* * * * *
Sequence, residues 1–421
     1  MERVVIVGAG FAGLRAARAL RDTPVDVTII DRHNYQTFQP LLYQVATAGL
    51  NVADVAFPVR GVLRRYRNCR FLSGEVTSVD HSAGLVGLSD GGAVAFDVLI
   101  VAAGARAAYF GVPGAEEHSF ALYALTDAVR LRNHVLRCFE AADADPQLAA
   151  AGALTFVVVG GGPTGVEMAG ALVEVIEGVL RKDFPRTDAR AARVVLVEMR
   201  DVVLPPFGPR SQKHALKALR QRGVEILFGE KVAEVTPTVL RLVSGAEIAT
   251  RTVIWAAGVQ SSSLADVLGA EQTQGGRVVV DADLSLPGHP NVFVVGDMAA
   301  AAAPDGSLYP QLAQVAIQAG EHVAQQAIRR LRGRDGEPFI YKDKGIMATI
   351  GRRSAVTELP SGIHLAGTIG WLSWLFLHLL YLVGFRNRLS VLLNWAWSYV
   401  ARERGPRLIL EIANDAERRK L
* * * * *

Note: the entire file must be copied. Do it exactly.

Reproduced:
Sequence, residues 1–421
     1  MERVVIVGAG FAGLRAARAL RDTPVDVTII DRHNYQTFQP LLYQVATAGL
    51  NVADVAFPVR GVLRRYRNCR FLSGEVTSVD HSAGLVGLSD GGAVAFDVLI
   101  VAAGARAAYF GVPGAEEHSF ALYALTDAVR LRNHVLRCFE AADADPQLAA
   151  AGALTFVVVG GGPTGVEMAG ALVEVIEGVL RKDFPRTDAR AARVVLVEMR
   201  DVVLPPFGPR SQKHALKALR QRGVEILFGE KVAEVTPTVL RLVSGAEIAT
   251  RTVIWAAGVQ SSSLADVLGA EQTQGGRVVV DADLSLPGHP NVFVVGDMAA
   301  AAAPDGSLYP QLAQVAIQAG EHVAQQAIRR LRGRDGEPFI YKDKGIMATI
   351  GRRSAVTELP SGIHLAGTIG WLSWLFLHLL YLVGFRNRLS VLLNWAWSYV
   401  ARERGPRLIL EIANDAERRK L